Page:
• Seek support; Join at least one job club, networking and/or support group (there are plenty of them around, including bookstores) where you will meet many talented and seasoned job seekers who may be doing all the right things, but have still not gotten a job. In addition to enjoying the benefits of tips, advice and leads, it will normalize your situation and will make you realize, that this is just temporary. Another source of support are professionals: career counselors and coaches, and, in some cases, therapists.
  • Peruse letters of reference, work samples, resumes and any other documents that can attest to your talents and accomplishments. My clients find these very empowering. I actually have them create a professional portfolio for this reason (and many others).
  • Last, but not least: check negative attitude and feelings at the door, since you are running the risk of forfeiting your chances for being hired. You may be dressed to the ninth for a coveted job interview, but you are never fully dressed until you wear a smile on your face. The same goes for phone interviews and, actually, for all networking activities, in person and via social media.

Armed with the right attitude and a solid roadmap, sooner or later you will arrive at your destination. You will get the job you want and put your career back in gear. I’ve been there, done that, and so can you.

I wish you the very best!!!

You Are in the Driver’s Seat – a Roadmap for Job Seekers

(This is Part 1 in a series of postings with tried-and true tips and success stories to inform and inspire you to get your career in gear)

Determine your destination

It is often said that “If you do not know where you are going, you will end up somewhere else”. Indeed, many job seekers skip this crucial stage and thereby prolong their journey. Do they really mean it when they say “I will do anything?” Unless you are one of those who would just as well lead a Safari, deliver key-notes to 2,000 people or wash the windows of the Sears Tower, you need to gain clarity and focus, your compass: What job functions, companies, industries, locations, and work environment do you desire?

Unfortunately, when your career has been derailed, there is often a lot of stress and confusion interfering with identifying your target. Give yourself permission and time to evaluate your transferable skills, professional expertise, accomplishments, needs, interests, passions, and your bottom line. Then, create a list of your top “must haves” and “would be nice to have” and generate options based on your best fit. The pay-offs are plenty:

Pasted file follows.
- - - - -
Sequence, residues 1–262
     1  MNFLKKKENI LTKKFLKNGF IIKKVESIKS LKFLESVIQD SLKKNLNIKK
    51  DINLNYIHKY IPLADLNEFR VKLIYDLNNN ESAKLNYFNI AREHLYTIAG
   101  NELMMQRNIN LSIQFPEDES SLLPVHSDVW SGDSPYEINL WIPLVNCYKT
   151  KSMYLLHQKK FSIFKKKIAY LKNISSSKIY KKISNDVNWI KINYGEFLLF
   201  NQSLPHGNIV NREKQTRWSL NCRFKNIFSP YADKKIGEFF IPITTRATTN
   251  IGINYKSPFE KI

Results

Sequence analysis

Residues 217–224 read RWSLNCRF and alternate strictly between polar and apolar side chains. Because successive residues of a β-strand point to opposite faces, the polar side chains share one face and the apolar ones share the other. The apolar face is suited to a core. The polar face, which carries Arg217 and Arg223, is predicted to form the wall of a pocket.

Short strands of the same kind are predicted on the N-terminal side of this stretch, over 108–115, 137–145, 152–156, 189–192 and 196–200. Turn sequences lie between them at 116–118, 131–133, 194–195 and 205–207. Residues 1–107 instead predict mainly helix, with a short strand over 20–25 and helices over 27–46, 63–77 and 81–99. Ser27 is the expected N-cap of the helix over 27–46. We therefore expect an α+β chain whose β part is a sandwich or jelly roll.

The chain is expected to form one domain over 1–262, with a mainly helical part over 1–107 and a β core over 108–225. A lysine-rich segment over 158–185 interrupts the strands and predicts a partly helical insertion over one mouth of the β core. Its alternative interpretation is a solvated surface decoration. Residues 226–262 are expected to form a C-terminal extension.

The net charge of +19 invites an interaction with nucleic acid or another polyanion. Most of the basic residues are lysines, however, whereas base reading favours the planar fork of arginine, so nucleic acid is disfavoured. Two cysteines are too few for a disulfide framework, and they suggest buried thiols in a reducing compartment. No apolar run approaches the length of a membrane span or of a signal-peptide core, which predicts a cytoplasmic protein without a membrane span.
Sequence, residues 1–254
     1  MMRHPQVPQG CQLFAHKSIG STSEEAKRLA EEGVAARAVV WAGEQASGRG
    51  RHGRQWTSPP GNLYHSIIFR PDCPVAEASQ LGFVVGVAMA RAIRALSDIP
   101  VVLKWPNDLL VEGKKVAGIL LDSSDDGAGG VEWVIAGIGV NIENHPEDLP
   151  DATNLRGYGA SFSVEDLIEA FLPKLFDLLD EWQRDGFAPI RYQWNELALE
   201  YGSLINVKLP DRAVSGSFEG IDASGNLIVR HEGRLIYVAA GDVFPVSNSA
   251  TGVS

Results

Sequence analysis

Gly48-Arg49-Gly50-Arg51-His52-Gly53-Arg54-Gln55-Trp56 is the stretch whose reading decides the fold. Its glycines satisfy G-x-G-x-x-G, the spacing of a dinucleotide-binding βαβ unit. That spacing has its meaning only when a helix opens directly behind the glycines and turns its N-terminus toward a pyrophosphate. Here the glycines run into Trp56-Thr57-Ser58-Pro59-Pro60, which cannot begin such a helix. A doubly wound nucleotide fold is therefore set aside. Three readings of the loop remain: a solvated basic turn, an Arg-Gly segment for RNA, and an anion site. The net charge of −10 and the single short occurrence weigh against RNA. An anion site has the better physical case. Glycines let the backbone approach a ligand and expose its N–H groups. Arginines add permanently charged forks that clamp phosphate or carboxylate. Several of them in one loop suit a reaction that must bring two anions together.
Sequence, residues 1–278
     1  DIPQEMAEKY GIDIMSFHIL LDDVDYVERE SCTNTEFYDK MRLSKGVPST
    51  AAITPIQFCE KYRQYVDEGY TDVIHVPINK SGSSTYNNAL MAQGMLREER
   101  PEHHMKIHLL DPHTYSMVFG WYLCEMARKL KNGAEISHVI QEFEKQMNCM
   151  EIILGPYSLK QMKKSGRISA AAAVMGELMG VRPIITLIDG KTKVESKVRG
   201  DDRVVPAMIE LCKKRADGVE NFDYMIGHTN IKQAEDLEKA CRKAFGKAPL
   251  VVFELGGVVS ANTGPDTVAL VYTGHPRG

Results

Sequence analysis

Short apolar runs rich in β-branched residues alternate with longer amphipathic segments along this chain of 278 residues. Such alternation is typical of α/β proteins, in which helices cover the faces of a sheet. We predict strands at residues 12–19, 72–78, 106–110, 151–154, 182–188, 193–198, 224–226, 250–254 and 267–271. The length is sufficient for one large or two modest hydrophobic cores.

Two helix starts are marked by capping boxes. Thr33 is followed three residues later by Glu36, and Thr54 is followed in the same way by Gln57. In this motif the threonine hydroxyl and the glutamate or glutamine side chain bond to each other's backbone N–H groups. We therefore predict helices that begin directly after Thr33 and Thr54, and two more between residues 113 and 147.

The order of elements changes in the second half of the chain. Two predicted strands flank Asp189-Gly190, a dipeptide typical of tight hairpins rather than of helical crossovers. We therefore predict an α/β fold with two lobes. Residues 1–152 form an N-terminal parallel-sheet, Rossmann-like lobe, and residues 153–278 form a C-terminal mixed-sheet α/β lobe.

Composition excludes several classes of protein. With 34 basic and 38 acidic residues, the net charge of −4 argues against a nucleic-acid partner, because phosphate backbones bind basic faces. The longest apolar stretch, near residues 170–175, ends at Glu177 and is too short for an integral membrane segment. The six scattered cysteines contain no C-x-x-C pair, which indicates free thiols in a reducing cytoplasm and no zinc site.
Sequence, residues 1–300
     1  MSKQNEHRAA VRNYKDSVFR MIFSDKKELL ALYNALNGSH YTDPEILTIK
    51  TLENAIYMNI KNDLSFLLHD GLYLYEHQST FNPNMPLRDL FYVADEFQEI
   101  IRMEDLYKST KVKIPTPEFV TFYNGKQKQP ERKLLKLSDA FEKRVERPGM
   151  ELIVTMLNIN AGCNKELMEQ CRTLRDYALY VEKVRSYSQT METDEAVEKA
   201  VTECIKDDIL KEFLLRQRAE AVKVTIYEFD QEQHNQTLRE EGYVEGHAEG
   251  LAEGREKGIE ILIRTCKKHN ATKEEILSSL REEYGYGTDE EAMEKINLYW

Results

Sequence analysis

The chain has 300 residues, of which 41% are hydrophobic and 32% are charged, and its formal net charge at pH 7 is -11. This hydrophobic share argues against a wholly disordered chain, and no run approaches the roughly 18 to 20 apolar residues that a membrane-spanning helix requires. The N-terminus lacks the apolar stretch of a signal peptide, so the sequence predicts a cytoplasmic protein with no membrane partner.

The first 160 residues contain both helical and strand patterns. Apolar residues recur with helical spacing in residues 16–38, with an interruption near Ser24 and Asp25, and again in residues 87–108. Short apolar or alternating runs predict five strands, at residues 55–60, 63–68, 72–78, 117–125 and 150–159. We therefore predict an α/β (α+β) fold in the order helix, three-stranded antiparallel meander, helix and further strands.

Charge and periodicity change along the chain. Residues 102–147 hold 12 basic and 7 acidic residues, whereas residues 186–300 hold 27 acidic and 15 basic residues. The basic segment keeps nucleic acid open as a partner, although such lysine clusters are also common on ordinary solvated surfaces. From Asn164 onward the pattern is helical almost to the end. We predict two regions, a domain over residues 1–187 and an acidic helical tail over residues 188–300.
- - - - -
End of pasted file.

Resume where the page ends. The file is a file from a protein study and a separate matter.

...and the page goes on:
• You will immediately realize that this bump in the road will provide you with opportunities you have not considered before. For example, ongoing job losses in the publishing industry, have driven editors, and reporters to shift gears and start a career in copywriting, providing content for websites, blogging, or teaching.
  • Having a target will relieve much of your anxiety and stress
  • It is much easier for your contacts to assist you, knowing what you are seeking, so help them help you.
  • Last, but not least, the skills, accomplishments and the your other self-assessment components will serve as indispensible resources in developing your personal brand, and crafting effective and targeted self-marketing tools, both written and verbal.

Prepare your Triptik

“How do I start and what do I need to do?” is on the minds of most clients I have worked with. It is amazing to witness their increased sense of empowerment and self confidence once they create a road map, their self-marketing action plan. This will include, but is not limited to:

  • Creating a target list of companies and contacts within the company
  • Strategies for tapping into the hidden job market, such as networking in person and via Social Media
  • Internet search for opportunities on company websites, industry specific and general job sites
  • Traditional job search methods like classified ads , recruiters and staffing agencies
  • Preparation of resumes, cover letters, letters of interest, business cards, phone script and Elevator Pitch
  • Honing interviewing and networking skills
  • Creating a system for organizing and managing your “campaign” and a timely follow-up.
  • Last, but not least, scheduling time for recreation, sports, socializing and/or hobbies to reduce stress, preserve your health, and provide relaxation and fun during this challenging time.

Ask for directions

Do not hesitate to enlist the help of people you trust and who respect and know you well and are likely to offer objective feedback and insights on your job hunt. You may also choose to work with a career counselor/coach who will assist you along your journey, provide expertise, encouragement and support, and expedite the process.

Join me for the ride next week with more tips, information and secrets of successful job seekers.

Welcome to my new website!

Welcome to Best Fit Careers!

I am thrilled to launch my website and share it with you!

I invite you to learn more about me and my expertise, get familiar with my services, and enjoy the resources I compiled and which will be updated regularly.

The foundation of Best Fit Careers can be best expressed with one of my favorite quotes:

“When love and skill come together, expect a masterpiece.”
(John Ruskin).

My blog postings will, indeed, focus on strategies to help you create your own “masterpiece” in your work/life. I will share tales of individuals who reached their career goals, along with useful tips and quality advice to help you on your career journey.  I would love to get your comments and own stories and welcome your questions. You can subscribe to my blog via rss (ie: Google Reader, My Yahoo, Bloglines, Netvibes, etc) by clicking on the “subscribe via rss” link at the top-right hand side of the page.

Last, but not least, I would like to acknowledge my web developer, Doron, ( for his creativity, sound judgment and superb professionalism. Our work together has resulted in a website that is a true reflection of me. A Best Fit, indeed!